Winter 2008] RACE AND AMERICAN CRIMINAL JUSTICE 123disciplinary actions. The Citizen Oversight Board oversees the Office ofthe Independent Monitor, and is responsible for: “(1) assessing whether theOffice of the Independent Monitor is effectively performing its duties; (2)making recommendations regarding policy and training issues; . . . (4)directing the Monitor to monitor or review certain cases; and (5) addressingother issues of concern to the community and other interestedstakeholders.” 54 Notably, the Office of the Independent Monitor has an important rolegiven Denver’s recent refocus on combating gangs after the slaying ofDenver Broncos cornerback Darrent Williams in an early New Year’s Daydrive-by shooting. 55 Like in other cities, gangs have continued to representa pressing issue for Denver. 56 It is a problem that has compelled DenverDistrict Attorney to call for the revitalization of the Metro Denver GangCoalition, a task force to combat gangs and gang violence. 57 Likewise, in San Francisco, voters added police oversight reform andaccountability measures to the City Charter by passing an amendmentthereto. 58 The amendment restructures the San Francisco PoliceCommission and grants additional powers to the civilian-run Office of 54. OFFICE OF THE INDEPENDENT MONITOR, CITY’S OVERSIGHT SYSTEM 1, (Denver,Colo.), (Sept. 28, 2004), available athttp://www.denvergov.org/Portals/374/documents/Citys%20Oversight%20System.pdf. 55. See Christopher N. Osher & Felissa Cardona, $460,000 Sought by DA to BattleDenver’s Gangs, DEN. POST, Feb. 22, 2007, at A1; Christopher N. Osher, DA Refines Gang-Fight Plan, DEN. POST, Mar. 6, 2007, at B2. 56. See April M. Washington, Pressure on Mayor to Crush Gang Problem, ROCKYMOUNTAIN NEWS, Feb. 10, 2007, at 4, available at 2007 WLNR 2666448. 57. Id. See Christopher N. Osher, “Police, Schools, Service Providers and the Faith-Based Community: Everyone is at the Table to Say, ‘I’m Prepared to do What I Can.’” AllAre in to Go All Out vs. Gangs, DEN. POST, Mar. 8, 2007, at A1; Felisa Cardona, Safety inCrime Numbers Denver Reports 10 Percent Decline, DEN. POST, Feb.14, 2007, at B1. Aninteresting related issue combining gangs and the First Amendment are anti-gang statutes.See e.g., Chicago v. Morales, 527 U.S. 41 (1999); People ex rel. Gallo v. Acuna, 929 P.2d596 (Cal. 1997); Kim Strosnider, Anti-Gang Ordinances After City of Chicago v. Morales:The Intersection of Race, Vagueness Doctrine, and Equal Protection in the Criminal Law,39 AM. CRIM. L. REV. 101, 102 (2002) (exploring the vagueness doctrine and its influenceon communities’ efforts to control gangs and shape public order); Matthew MickleWerdegar, Enjoining the Constitution: The Use of Public Nuisance Abatement InjunctionsAgainst Urban Street Gangs, 51 STAN. L. REV. 409 (1999); Edson McCellan, Note, Peopleex rel. Gallo v. Acuna: Pulling in the Nets on Criminal Street Gangs, 35 SAN DIEGO L. REV.343 (1998); Bart H. Rubin, Hail, Hail, The Gangs Are All Here: Why New York ShouldAdopt A Comprehensive Anti-Gang Statute, 66 FORDHAM L. REV. 2033 (1998). 58. Demian Bulwa, Police Union Taps Harris in D.A. Runoff; Ammiano BacksIncumbent Hallinan, S.F. CHRON., Nov. 27, 2003, at A21; Press Release, ACLU of NorthernCal., S.F. Bd. of Supervisors Approves to Charter Amendment to Strengthen PoliceAccountability (July 16, 2003), available athttp://www.aclunc.org/news/press_releases/san_francisco_board_of_supervisors_approves_to_charter_amendment_to_strengthen_police_accountability.shtml.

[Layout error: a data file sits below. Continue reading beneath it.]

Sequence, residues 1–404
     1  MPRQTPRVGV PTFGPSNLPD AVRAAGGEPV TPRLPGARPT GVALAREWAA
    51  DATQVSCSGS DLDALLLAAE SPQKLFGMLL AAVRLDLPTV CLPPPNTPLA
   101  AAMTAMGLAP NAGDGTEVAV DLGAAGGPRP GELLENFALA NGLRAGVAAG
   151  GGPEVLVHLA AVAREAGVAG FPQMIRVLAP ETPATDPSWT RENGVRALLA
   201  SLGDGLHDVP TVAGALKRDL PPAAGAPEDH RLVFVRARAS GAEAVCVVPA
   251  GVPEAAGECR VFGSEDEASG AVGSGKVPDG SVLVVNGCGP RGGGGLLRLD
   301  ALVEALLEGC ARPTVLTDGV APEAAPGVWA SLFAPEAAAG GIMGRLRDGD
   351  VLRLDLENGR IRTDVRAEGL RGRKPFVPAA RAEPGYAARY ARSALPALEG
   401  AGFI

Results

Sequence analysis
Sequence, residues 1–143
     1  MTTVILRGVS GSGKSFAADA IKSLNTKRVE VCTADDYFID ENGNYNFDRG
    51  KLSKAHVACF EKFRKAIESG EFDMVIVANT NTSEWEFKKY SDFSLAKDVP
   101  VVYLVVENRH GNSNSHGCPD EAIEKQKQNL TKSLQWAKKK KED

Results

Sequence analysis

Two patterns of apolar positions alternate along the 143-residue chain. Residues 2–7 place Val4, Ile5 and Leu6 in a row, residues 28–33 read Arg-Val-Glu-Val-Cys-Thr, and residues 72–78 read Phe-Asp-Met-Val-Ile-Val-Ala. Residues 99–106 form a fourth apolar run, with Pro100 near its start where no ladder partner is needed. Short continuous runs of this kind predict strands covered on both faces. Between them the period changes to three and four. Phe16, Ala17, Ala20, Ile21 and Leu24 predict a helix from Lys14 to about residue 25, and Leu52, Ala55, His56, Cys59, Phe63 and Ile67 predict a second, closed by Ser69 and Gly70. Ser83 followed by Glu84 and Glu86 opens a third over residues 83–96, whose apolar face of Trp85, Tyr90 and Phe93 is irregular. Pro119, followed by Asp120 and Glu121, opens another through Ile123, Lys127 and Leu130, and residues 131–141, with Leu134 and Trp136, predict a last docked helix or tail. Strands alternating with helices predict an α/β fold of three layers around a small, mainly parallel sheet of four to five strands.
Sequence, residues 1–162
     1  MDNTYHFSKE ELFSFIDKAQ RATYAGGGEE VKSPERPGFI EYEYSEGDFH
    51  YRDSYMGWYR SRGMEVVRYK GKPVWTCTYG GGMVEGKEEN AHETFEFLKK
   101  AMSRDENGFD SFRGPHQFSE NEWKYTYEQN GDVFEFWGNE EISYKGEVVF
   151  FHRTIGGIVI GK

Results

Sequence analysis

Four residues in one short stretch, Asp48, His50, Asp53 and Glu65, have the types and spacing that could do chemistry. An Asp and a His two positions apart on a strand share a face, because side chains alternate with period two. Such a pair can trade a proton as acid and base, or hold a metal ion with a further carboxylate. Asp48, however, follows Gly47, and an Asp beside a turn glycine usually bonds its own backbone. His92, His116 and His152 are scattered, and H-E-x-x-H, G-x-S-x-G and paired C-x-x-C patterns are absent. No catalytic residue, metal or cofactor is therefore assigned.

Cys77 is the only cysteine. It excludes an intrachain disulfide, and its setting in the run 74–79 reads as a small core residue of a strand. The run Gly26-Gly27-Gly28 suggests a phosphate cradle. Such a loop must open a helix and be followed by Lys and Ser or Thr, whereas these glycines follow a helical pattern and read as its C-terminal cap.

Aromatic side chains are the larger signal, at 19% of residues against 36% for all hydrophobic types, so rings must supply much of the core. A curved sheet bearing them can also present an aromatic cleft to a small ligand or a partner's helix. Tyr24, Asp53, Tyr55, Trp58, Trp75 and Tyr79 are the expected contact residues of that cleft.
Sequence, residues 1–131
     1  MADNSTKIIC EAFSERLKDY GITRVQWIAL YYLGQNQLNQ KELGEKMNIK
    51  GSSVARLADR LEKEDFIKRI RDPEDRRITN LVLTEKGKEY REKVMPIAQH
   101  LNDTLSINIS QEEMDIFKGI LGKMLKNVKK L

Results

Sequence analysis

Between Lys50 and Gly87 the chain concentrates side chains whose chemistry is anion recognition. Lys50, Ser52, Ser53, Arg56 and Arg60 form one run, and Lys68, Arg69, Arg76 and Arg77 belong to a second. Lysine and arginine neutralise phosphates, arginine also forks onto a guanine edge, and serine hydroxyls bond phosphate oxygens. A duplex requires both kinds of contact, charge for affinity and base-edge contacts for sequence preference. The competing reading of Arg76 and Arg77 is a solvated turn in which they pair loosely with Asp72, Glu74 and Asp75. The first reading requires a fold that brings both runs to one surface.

124 UNIVERSITY OF DETROIT MERCY LAW REVIEW [Vol. 85:115Citizen Complaints. 59 The amendment is consistent with the goal ofhaving a properly administered complaint review system serving both theinterests of the police and the interests of the community. 60 In sum, through such review boards and oversight measures, theinterests of the state in reviewing credible allegations of police misconductmay be better served, as these neutral civilian review boards mitigate therisk of placing a person in the precarious position of having to think twicebefore lodging any formal allegation of misconduct with the policedepartment. II. SOCIAL SCIENCE AND THE RULES OF EVIDENCE IN COURT: CROSS- RACIAL EYEWITNESS TESTIMONY Social science has informed conventional understandings of theinfluence of race in law. 61 There has been a growing body of social scienceresearch that reveals the important role in which race plays in assessing thereliability of witness identification when the witness and the personidentified are of the same or of different races. 62 59. S.F. Bd. of Supervisors Approves to Charter Amendment to Strengthen PoliceAccountability, supra note 58; see e.g., S.F., Cal. Consolidated Municipal Election,Proposition H: Police Commission/Office of Citizen Complaints (Nov. 4, 2003), availableat http://sfpl4.sfpl.org/pdffiles/November4_2003.pdf. The Office of Citizen Complaints(“OCC”) “operates under the purview of the city Police Commission. Commissionmembers and the OCC director serve at the mayor’s pleasure.” Herbert A. Sample, S.F.Board to Tackle Police Reforms A Possible Ballot Measure Would Aim to Strengthen TheAgency That Reviews Citizen Complaints Against Officers, SACRAMENTO BEE, July 13,2002, at A3 (“The city charter requires the Police Department to provide ‘full and promptcooperation’ with the OCC, which also enjoys investigatory powers, though it cannot issuesubpoenas.”). The Charter and the SFPD’s regulations require the Department to promptlyand fully cooperate with OCC investigations. Id. Despite this unequivocal mandate, theDepartment has hampered OCC’s investigations in significant ways. Id. See generallyMark Schlosberg, Op-Ed., Public Eyes: ‘Fajitagate’ Scandal Puts Police Accountability atForefront, ACLU N. CAL., May 22, 2003,http://www.aclunc.org/news/opinions/public_eyes_fajitagate_scandal_puts_police_accountability_at_forefront.shtml (last visited July 12, 2008) (“According to the OCC report, theDepartment is lax in handing out discipline and the obstruction and delays cited in the reportsend a signal to rank and file officers that misconduct will not be taken seriously. Moreimportantly, the Police Commission, which oversees the Police Department, has donenothing to address these issues and, in fact, has at times been complicitous in underminingthe OCC.”). 60. See Harold Beral & Marcus Sisk, Note, The Administration of Complaints byCivilians Against the Police, 77 HARV. L. REV. 499 (1964) (noting that almost every cityhad a system in place to process and investigate citizen complaints of police misconduct). 61. See Ian F. Haney Lopez, The Social Construction of Race: Some Observations onIllusion, Fabrication, and Choice, 29 Harv. C.R.-C.L. L. REV. 1, 5-6 (1994) (“Race may beAmerica’s single most confounding problem, but the confounding problem of race is thatfew people seem to know what race is.”). 62. See generally Cindy J. O’Hagan, Note, When Seeing is Not Believing: The Casefor Eyewitness Expert Testimony, 81 GEO. L.J. 741 (1992); Christopher M. Walters,